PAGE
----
A divorce can become contentious over the issue of how to properly allocate debts acquired by the spouses during their marriage.
Credit Card Insider observes that divorce is sometimes messy not just because of the emotional aspect but because of the fact that a divorce has the potential to "wreak havoc on both parties' finances." Nevertheless, "divvying up the financial liabilities" of an ending marriage is part and parcel of the property division process. Debt division can be as contentious-if not more so-than a division of a Washington couple's community property assets. This should not be surprising since divorcing couples ready for a fresh start are not especially eager to shoulder any more of the marital debt than they need to.
One type of debt that couples sometimes fight over during the course of a divorce is credit card debt. According to Nerdwallet.com, credit card debt is the third largest source of household indebtedness trailing only mortgage debt and student loan debt. The average U.S. household credit card debt stands at $15,480. NPR reports that more than one-third of those with credit card debt have been reported to collection agencies due to defaulting on their payment schedules.
In Washington State, all liabilities, just like assets, must be divided when dissolving a marriage. If the parties cannot agree between themselves about how to divide the marital debts, a court will make the decision for them. As with assets, liabilities will be divided by the courts in a manner that is just and equitable under the circumstances. As illustrated by a 2014 Washington appellate court case, a spouse's mismanagement of credit card debt during the marriage could lead a court to allocate a higher debt load to that spouse upon a divorce.
The Awwad case
In In re Marriage of Awwad, a wife had-with her husband's permission-charged $15,000 on the couple's joint credit card in 2010 for a ring. The ring was a gift for the wife's mother in honor of her 50th wedding anniversary. By late 2012, the husband had paid $10,568.24 on the credit card debt leaving $9,573.19 still owing. According to the trial court, the husband had made the decision to pay off the debt in small monthly installments even though he had the financial means to simply pay the debt in full. As a result of the small monthly payments, $5,000 of the credit card debt was now unnecessary accrued interest. The trial court concluded that the husband should, under the circumstances, be responsible for the remaining credit card debt incurred from the purchase of the ring.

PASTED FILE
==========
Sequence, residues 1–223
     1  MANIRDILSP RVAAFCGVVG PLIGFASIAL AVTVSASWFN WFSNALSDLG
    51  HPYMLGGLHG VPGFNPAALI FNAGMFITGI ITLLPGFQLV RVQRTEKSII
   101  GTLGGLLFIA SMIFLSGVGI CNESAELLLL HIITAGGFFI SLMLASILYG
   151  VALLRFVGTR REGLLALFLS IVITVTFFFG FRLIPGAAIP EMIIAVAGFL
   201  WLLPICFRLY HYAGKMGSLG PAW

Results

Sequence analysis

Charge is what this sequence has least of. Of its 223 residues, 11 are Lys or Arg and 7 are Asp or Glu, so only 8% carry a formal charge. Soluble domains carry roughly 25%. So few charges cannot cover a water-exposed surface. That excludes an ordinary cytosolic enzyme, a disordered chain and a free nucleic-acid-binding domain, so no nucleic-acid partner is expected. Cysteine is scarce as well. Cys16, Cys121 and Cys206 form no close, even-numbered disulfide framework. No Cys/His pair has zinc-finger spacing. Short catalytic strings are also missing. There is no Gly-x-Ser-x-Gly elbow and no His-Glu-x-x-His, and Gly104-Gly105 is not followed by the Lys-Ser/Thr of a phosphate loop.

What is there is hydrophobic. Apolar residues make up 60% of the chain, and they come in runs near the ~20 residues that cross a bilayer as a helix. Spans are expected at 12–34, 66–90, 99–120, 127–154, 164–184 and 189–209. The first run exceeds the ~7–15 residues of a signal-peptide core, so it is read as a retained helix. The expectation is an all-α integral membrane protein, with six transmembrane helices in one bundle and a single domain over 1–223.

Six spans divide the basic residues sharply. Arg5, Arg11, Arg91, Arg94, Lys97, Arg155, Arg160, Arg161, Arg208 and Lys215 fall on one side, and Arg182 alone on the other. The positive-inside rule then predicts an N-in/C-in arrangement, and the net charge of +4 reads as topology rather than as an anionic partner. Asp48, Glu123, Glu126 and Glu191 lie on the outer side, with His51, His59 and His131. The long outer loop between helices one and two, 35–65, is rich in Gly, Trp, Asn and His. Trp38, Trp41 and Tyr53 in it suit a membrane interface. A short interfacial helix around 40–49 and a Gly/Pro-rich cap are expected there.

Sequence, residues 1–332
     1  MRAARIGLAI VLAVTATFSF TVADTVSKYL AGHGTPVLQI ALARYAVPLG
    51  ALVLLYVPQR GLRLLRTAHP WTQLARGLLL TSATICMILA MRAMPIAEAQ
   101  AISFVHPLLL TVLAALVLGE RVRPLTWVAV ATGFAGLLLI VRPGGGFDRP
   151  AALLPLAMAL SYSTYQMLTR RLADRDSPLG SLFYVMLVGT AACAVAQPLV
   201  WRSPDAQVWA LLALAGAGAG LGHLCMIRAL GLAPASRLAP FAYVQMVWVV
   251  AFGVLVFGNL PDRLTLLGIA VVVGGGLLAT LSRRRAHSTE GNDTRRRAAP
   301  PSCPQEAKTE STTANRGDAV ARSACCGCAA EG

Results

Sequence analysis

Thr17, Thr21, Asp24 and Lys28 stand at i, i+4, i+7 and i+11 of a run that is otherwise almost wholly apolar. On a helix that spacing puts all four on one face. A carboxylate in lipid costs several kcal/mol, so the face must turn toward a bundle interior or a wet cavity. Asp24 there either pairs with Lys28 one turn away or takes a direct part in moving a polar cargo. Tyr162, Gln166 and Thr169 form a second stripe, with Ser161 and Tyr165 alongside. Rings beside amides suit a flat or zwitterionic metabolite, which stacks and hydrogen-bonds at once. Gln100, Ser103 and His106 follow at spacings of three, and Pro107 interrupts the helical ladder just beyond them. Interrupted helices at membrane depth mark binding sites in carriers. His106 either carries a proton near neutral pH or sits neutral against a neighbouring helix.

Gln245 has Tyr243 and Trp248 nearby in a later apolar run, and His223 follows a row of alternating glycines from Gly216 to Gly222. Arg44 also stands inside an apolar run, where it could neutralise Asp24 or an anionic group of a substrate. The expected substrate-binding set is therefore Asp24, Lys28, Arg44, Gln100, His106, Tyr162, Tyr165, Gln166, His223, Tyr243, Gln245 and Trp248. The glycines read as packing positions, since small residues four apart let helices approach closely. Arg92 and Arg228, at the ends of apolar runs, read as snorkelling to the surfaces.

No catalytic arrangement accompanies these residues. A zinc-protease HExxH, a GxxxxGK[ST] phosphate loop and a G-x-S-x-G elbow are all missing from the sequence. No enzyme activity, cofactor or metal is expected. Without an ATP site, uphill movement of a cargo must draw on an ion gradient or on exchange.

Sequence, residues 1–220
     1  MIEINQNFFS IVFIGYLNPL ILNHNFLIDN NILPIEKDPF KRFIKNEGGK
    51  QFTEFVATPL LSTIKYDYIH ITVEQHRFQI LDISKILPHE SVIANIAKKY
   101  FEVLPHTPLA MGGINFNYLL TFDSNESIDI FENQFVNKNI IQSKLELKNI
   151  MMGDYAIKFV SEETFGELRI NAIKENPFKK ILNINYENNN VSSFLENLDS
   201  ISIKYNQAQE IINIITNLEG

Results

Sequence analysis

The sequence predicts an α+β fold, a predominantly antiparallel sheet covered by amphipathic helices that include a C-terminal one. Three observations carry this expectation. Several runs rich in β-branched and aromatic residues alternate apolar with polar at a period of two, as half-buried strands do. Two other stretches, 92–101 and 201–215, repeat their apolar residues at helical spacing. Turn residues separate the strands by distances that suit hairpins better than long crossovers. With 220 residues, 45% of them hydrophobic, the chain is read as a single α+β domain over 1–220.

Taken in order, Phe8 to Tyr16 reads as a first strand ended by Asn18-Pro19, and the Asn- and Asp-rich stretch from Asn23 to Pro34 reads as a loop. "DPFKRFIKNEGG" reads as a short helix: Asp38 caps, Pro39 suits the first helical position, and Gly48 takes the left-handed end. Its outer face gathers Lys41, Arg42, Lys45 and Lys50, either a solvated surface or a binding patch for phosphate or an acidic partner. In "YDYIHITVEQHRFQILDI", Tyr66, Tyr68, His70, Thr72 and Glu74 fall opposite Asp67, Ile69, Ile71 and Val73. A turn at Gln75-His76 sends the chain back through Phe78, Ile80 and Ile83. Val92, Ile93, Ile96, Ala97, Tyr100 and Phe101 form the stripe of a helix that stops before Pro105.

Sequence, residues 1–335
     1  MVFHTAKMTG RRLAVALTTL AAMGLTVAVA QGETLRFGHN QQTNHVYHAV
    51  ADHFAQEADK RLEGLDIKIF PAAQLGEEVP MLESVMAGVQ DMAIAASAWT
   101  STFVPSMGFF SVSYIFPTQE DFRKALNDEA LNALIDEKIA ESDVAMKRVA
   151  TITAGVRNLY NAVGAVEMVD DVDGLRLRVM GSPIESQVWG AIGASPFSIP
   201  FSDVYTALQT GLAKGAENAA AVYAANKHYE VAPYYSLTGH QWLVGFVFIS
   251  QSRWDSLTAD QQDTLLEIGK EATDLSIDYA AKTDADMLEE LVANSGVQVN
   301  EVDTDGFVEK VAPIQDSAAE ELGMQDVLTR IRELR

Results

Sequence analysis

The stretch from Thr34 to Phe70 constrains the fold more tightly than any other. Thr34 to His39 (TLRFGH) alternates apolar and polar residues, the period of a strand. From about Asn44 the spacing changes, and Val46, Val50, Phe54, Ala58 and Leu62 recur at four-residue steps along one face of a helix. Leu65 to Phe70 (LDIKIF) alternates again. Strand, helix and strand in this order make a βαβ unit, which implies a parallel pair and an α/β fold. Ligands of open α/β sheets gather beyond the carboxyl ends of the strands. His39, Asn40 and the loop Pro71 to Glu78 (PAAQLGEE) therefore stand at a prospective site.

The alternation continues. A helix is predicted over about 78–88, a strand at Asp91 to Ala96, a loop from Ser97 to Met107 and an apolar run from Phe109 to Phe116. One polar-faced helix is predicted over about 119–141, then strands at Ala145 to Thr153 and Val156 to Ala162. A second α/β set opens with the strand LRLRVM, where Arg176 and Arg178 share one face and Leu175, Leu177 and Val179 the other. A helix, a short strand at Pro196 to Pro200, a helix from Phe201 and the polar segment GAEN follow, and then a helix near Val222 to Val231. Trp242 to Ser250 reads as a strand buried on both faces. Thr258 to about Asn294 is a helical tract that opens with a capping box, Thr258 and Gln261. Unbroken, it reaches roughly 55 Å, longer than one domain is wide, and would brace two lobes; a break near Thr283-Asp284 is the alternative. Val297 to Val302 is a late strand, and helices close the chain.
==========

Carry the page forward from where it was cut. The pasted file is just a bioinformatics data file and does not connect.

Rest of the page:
On appeal, the Court of Appeals of Washington observed that a husband and wife owe each other the duty not to waste and mismanage co-owned assets. Upon a divorce, said the court, conduct which has squandered marital assets can be taken into account in allocating assets and liabilities. If wasteful conduct occurs, a higher debt load can be allocated to the "wasteful marital partner." Finding that the husband had negatively impacted the household finances by unnecessarily incurring $5,000 in interest charges, the appellate court concluded that it was fair that the husband be allocated the remaining credit card debt attributable to the ring purchase.
The division of property and debt upon divorce is often complicated. If you are contemplating a divorce, you should contact a Washington state attorney experienced in family law matters as soon as possible. The attorney can provide you with the clear legal guidance you need in order to make informed decisions about how to strategically approach the divorce.
Keywords: credit card debt, property division, divorce